A frequent weapon for Democrats in the 2016 election is to publicly malign those they regard as critics and adversaries as Russia sympathizers, Putin stooges, or outright agents of the Kremlin. To put it mildly, this is not a new tactic in U.S. political discourse, and it’s worth placing it in historical context. That’s particularly true given how many people have now been targeted with this attack.
We’ve lived so long under the spell of hierarchy—from god-kings to feudal lords to party bosses—that only recently have we awakened to see not only that “regular” citizens have the capacity for self-governance, but that without their engagement our huge global crises cannot be addressed. The changes needed for human society simply to survive, let alone thrive, are so profound that the only way we will move toward them is if we ourselves, regular citizens, feel meaningful ownership of solutions through direct engagement. Our problems are too big, interrelated, and pervasive to yield to directives from on high.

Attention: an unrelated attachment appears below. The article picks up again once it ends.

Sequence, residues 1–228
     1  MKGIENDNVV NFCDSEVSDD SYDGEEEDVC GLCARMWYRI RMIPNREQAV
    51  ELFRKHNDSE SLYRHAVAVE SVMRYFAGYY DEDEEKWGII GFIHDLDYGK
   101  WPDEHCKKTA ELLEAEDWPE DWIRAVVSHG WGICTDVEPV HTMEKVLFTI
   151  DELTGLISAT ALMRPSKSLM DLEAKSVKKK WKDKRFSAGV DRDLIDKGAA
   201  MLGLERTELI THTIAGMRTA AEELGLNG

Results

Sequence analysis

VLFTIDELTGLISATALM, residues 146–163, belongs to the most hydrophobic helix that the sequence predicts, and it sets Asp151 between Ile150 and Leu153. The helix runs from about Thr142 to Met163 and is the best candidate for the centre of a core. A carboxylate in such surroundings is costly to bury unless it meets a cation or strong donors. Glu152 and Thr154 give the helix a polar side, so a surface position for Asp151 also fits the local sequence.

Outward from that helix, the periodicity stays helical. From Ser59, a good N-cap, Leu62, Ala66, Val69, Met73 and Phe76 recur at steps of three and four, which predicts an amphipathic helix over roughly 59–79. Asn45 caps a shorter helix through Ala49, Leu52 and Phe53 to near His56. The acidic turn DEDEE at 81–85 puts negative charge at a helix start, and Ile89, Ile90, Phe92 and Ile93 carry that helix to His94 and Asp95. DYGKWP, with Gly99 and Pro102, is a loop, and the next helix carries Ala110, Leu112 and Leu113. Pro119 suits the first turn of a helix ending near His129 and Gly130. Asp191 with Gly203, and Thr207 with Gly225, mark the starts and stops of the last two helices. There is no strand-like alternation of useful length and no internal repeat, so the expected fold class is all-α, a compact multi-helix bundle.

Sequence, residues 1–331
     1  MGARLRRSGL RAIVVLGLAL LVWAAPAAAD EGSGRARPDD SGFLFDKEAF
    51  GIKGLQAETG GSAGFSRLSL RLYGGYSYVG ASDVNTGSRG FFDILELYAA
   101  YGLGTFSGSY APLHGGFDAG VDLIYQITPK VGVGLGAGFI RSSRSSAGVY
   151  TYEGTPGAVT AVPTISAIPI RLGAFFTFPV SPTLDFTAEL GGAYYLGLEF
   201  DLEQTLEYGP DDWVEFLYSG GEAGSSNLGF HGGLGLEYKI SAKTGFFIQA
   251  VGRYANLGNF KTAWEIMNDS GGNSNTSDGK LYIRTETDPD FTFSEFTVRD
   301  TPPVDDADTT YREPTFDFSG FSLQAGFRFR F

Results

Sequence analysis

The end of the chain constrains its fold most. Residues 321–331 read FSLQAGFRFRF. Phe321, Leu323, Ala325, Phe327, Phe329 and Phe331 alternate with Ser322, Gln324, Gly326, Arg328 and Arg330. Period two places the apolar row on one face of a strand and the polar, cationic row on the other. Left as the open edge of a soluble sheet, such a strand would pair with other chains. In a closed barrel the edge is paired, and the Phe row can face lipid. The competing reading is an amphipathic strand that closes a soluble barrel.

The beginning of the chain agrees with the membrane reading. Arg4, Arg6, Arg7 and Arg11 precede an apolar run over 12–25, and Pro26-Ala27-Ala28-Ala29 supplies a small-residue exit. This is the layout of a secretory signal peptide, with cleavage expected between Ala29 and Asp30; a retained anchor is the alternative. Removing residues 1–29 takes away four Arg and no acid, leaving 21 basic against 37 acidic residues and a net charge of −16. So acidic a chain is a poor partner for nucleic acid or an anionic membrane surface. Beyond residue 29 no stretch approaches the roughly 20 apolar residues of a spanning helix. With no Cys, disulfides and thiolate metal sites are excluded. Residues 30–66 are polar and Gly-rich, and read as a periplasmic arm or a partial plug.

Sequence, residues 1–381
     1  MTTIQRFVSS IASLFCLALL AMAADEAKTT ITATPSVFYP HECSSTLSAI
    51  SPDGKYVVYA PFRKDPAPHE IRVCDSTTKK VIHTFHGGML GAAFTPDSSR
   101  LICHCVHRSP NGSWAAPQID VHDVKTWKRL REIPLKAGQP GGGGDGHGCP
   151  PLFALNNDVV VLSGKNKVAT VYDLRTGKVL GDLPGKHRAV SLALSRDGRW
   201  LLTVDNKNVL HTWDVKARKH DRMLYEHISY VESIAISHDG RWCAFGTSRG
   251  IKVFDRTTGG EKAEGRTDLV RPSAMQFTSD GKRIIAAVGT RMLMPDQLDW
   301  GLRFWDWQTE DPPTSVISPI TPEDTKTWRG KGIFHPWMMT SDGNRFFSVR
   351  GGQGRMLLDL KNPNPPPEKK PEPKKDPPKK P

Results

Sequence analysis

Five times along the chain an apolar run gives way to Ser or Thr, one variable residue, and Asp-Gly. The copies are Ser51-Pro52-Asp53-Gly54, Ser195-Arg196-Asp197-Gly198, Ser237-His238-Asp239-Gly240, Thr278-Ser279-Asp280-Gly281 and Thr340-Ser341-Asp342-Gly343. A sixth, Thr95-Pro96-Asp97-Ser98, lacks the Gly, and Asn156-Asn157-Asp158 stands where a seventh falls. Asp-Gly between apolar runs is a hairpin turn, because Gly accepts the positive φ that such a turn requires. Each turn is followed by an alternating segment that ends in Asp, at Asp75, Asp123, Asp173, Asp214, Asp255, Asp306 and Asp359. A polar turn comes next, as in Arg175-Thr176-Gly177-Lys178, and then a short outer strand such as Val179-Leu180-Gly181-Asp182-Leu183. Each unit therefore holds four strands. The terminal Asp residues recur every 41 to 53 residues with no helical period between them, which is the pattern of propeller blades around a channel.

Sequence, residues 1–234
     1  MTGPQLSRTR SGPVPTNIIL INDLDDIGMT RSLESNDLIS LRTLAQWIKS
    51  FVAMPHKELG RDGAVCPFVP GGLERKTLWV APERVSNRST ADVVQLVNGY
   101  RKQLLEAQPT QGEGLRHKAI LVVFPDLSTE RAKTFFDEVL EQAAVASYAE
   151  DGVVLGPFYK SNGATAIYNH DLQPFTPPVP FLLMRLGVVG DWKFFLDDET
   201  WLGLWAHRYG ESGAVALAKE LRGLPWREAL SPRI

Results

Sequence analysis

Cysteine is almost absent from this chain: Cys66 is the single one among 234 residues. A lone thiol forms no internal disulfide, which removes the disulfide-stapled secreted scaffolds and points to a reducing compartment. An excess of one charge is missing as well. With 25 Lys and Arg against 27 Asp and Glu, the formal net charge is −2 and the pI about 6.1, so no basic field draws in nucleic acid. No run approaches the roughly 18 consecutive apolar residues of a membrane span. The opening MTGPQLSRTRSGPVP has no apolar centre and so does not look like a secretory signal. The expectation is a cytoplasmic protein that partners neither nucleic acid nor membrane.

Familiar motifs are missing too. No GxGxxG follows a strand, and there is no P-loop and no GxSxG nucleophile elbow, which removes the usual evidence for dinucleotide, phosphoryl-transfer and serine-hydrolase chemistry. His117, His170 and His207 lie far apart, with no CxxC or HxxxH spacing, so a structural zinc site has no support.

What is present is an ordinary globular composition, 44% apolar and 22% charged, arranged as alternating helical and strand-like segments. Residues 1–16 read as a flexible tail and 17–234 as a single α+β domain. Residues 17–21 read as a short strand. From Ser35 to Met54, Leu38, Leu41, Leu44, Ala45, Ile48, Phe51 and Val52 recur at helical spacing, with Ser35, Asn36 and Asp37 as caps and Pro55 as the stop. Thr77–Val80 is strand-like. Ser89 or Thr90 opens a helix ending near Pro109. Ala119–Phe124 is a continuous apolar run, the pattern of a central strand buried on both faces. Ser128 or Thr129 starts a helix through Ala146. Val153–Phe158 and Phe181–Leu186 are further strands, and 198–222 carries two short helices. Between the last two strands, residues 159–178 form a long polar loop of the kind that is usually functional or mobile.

—Frances Moore Lappé, excerpt from Time for Progressives to Grow Up